Assad's Government Tortured Citizens, Says HRW
Syrians were arbitrarily detained and tortured by government forces in security buildings in northern Syria, Human Rights Watch said on Friday, the DPA news agency reports.
The organization’s researchers found documents and physical evidence of the abuse when they visited the State Security and Military Intelligence facilities in al-Raqqa in late April, after local armed opposition groups took control of the city, the New York-based rights group said.
“The documents, prison cells, interrogation rooms and torture devices we saw in the Government’s security facilities are consistent with the torture former detainees have described to us since the beginning of the uprising in Syria,” the group’s deputy Middle East director, Nadim Houry, said, according to DPA.
The charges of Government abuses came the same week that a video was released showing three men being executed in a public square in al-Raqqa, now reportedly under the control of al-Nusra Front and other Islamist militants.
Summary executions and other atrocities have been widely reported on both sides in Syria’s 26-month civil war.
In al-Raqqa, Human Rights Watch said it found rooms that appeared to be detention cells and saw a torture device that former detainees said was used to immobilize and stretch or bend limbs.
The rights group called on the authorities now in control of the city to work with the opposition and neutral experts to collect evidence from the site so that those responsible could be brought to justice, reported DPA.
The group previously said torture by the Syrian regime was a crime against humanity that should be prosecuted by the International Criminal Court.
This week, a video posted to the internet showed that the other side in the conflict, the rebels, was committing atrocities just like Assad’s soldiers.
The extremely disturbing video showed one of the rebels eating the heart of a dead rival. Some in Israel saw the video as further proof that the U.S. is pursuing a wrongheaded Middle East policy.
Meanwhile, UN peacekeeping chief Herve Ladsous said Thursday that three peacekeepers were briefly seized on the Syrian side of the Golan Heights, the Al Arabiya network reported.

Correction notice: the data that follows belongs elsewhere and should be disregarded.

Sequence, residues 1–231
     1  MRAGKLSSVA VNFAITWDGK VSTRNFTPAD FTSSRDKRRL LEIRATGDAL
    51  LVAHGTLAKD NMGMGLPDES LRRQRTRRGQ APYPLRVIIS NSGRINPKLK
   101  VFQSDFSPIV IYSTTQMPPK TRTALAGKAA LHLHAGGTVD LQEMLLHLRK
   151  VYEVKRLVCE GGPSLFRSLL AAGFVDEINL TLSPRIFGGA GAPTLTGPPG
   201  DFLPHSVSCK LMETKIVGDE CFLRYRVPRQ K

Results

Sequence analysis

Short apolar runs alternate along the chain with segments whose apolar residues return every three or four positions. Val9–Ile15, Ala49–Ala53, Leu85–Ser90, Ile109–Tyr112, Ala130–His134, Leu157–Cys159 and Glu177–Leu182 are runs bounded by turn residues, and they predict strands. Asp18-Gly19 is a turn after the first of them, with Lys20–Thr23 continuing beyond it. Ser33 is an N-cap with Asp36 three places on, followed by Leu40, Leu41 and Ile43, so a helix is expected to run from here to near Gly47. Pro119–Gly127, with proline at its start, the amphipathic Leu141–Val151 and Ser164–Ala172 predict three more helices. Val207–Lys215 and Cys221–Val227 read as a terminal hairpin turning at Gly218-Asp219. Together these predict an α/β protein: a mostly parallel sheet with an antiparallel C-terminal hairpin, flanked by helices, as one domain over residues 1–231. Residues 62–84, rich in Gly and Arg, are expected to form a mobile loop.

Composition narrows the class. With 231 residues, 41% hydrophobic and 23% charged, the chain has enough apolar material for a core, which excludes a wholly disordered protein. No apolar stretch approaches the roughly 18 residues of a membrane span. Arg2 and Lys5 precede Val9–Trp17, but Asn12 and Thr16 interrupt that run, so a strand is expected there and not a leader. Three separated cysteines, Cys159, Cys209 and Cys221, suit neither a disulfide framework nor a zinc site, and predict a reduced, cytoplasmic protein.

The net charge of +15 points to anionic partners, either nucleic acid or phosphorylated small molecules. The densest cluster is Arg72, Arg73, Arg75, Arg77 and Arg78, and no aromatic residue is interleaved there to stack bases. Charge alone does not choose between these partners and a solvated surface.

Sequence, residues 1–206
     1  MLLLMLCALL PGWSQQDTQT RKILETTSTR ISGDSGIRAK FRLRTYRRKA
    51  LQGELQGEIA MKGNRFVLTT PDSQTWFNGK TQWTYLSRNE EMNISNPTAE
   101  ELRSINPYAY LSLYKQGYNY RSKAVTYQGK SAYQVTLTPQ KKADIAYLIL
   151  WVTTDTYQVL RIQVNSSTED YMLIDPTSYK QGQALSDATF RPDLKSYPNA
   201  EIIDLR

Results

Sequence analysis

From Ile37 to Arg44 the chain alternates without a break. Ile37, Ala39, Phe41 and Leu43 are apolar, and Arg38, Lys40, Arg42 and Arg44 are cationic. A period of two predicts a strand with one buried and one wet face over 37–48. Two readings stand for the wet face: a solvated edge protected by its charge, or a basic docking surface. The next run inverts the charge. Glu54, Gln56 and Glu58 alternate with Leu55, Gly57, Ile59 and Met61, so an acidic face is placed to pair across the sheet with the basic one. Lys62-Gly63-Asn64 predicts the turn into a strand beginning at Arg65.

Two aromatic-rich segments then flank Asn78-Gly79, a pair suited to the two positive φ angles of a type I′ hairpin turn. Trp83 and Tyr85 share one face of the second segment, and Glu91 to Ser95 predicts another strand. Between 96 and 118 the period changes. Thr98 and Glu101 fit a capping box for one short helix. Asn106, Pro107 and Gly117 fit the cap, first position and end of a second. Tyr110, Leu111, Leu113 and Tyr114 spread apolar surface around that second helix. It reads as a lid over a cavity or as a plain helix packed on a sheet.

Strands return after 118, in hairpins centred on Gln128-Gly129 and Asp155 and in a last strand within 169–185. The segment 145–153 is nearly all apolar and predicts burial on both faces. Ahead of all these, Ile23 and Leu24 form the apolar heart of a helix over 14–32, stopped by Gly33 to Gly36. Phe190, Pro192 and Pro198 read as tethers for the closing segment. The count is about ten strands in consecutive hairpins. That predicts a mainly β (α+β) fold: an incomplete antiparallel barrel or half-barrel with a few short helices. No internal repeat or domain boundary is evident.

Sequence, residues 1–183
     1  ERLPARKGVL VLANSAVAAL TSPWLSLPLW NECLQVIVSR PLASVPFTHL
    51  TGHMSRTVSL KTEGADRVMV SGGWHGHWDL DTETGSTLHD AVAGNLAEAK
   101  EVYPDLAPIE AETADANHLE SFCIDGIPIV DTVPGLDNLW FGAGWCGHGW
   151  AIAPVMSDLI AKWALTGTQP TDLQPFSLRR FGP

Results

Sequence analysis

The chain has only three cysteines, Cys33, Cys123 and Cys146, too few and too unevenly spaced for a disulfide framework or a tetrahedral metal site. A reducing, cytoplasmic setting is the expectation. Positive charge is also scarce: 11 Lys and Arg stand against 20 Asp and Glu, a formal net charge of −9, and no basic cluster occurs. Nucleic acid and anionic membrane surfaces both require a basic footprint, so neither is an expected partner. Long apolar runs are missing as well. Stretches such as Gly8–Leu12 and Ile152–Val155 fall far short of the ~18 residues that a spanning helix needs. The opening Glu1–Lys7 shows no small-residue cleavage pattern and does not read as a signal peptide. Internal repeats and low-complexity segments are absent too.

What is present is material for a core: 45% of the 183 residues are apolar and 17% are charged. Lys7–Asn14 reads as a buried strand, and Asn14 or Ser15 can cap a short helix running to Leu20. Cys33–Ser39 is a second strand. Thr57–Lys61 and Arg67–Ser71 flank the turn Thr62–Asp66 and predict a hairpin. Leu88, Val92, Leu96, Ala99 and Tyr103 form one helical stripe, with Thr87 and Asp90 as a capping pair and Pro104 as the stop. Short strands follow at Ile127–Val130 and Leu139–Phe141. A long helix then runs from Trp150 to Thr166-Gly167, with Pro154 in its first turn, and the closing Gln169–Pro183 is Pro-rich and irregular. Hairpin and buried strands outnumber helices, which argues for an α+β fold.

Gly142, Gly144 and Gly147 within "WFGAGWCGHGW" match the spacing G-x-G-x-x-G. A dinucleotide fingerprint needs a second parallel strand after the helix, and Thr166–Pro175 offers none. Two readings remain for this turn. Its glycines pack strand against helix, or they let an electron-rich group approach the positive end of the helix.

Unknown gunmen held the peacekeepers on Thursday for five hours before releasing them unharmed. The report did not give the nationalities of the peacekeepers.
Meanwhile on Thursday, Russia’s Foreign Minister Sergei Lavrov indicated that despite Israel’s objection, his country would go ahead with selling S-300 advanced missile systems to Syria.
Speaking to the Lebanese-based Al-Mayadeen television, which is close to the Hizbullah terror group, Lavrov said that Russia is “committed to the agreements” signed with Syria regarding the advanced missiles and will “fully carry them out.”
As he has said previously, Lavrov reiterated that Russia does not intend to sign new agreements with Syria for the sale of weapons, but explained that since the S-300 deal was signed before the outbreak of the civil war in Syria, Russia intends to carry it out as planned.
"We have no intention of breaking international law," Lavrov explained. "However, we do not want our reputation as reliable suppliers of weapons to be affected."
Prime Minister Binyamin Netanyahu urged Putin in Sochi on Tuesday not to follow through with Russia's decision to ship the powerful surface-to-air missiles, that can take out fighter jets.
(Arutz Sheva’s North American Desk is keeping you updated until the start of Shabbat in New York. The time posted automatically on all Arutz Sheva articles, however, is Israeli time.)